How many of us attend at least one networking event each month? Maybe we attend one per week, or even a different one each day. In addition to these meetings, try to meet as many people as possible for a networking coffee chat after meeting them at an event, or if they were referred by one of our networking partners.
Sometimes at one of these networking events, someone provides a presentation of their business for the group’s information, and it may be the presenter’s first and only attendance at one of the group’s meetings. This might be called “drive-by networking”.
People do business with others that they know, like, and trust. How do we build that level of knowledge about anyone when we meet them for the first, and maybe the only, time? Meeting with a person individually and getting to know them is better than attending a one-time presentation.
If we want to gain business through the referrals of our networking associates we must be known as someone who is reliable. We should be a continuing attendee of a networking group, contributing to, and participating in that networking group. Others want to know that we will be there when they need us.
That does not mean that we must attend each and every meeting of a group. However, our continued attendance, and support, should be the norm and not the exception. We all accept that business does come first, but we can support our networking group’s partners even when we are absent.
Now, what about someone who comes to a group as a guest speaker? They should be recommended by someone in the group, or by the group’s leader. Make the time to meet with them individually and get to know them better. We may need to meet with others more than once or twice to accomplish a level of comfort, taking the necessary steps to find out if our reputation will be intact when recommending anyone.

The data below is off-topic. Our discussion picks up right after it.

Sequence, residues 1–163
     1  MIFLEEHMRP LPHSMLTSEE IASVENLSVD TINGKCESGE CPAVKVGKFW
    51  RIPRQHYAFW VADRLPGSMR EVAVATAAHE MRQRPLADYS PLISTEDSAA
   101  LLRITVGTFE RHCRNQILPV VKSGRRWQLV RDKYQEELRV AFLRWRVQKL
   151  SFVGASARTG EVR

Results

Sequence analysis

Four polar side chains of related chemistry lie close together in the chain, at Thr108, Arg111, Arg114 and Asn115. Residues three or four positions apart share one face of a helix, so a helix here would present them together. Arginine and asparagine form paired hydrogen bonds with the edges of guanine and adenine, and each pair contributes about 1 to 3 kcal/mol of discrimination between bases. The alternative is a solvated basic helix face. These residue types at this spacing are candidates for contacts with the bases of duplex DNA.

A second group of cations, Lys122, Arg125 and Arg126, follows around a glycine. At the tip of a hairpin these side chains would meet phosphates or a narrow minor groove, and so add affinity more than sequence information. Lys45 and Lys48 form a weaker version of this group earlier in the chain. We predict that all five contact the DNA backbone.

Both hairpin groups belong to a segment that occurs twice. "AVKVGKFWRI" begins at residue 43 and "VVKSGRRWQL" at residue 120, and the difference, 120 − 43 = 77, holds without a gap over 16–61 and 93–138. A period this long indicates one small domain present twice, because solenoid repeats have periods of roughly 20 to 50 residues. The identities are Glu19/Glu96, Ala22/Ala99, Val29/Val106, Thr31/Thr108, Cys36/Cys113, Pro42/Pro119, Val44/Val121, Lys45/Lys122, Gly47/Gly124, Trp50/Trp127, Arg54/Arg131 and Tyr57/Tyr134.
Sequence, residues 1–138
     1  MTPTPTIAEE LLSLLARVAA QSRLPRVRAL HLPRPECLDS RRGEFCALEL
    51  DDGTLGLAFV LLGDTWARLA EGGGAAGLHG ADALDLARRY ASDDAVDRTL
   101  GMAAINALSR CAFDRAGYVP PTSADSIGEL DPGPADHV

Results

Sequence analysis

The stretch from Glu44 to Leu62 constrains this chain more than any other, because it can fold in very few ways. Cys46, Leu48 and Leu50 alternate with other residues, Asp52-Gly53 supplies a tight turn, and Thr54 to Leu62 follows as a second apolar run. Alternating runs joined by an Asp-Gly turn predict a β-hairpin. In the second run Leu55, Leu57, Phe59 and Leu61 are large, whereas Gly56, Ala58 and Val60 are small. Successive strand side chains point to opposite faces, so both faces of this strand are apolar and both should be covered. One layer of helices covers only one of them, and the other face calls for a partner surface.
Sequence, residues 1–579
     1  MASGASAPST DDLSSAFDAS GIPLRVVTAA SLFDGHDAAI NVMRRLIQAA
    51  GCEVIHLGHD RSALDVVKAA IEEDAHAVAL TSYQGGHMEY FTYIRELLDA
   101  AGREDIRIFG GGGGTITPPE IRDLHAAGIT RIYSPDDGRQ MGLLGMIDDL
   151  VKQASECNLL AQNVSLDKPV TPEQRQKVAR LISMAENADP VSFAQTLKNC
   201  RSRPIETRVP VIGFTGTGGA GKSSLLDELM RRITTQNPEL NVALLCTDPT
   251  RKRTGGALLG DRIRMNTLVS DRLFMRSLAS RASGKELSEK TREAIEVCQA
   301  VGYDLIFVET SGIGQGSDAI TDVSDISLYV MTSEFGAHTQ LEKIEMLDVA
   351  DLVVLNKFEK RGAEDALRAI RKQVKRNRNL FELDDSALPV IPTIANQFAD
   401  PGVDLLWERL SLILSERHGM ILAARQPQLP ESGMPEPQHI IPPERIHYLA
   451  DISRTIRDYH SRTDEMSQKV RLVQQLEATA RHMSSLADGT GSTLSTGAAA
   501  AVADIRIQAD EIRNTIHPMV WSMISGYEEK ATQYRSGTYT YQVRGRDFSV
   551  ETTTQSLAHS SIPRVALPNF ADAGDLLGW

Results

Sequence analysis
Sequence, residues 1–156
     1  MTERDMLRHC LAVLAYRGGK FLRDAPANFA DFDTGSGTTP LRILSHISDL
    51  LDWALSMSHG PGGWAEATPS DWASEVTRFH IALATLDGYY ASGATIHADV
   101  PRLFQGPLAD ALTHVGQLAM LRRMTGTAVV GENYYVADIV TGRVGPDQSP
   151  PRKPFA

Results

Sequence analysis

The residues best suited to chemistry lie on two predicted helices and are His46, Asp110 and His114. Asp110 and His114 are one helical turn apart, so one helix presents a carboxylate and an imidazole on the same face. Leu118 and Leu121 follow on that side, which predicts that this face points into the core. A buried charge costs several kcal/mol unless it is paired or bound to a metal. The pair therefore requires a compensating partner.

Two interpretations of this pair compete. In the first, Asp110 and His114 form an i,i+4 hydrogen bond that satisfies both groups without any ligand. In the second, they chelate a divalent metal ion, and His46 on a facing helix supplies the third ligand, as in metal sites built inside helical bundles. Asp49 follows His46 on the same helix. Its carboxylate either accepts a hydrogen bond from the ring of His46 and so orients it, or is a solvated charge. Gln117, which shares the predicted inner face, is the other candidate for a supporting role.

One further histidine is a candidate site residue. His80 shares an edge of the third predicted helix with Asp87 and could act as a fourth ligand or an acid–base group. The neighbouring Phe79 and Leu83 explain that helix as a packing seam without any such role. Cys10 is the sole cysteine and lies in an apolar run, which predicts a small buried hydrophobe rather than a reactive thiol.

The term “drive-by networking” can be applied to individual meetings also. This may be when the other person arrives late to a meeting, announces that they only have 15 minutes to meet, asks no questions about you or your business, or engages in a “hard sell”. They may even cut the meeting off as we are trying to learn what they do.
This person makes us feel somewhat used, and we may believe that they do not value relationships. Never recommend someone to anyone else if we do not know, like, and trust them. Neither recommend someone who we do not believe will value the time or business of anyone else. Our reputations are too valuable.
We are more than what we say to others; we are also known by how we treat others. Gratitude Marketing is the practice of treating others with respect, giving to give, not to get, and helping others improve their lives. Good karma is a very powerful networking tool to use each and every day.
Please leave comments here, or email them to Jim@SOC4Now.com, or call 360-314-8691. What other types of business practices would qualify as Gratitude Marketing?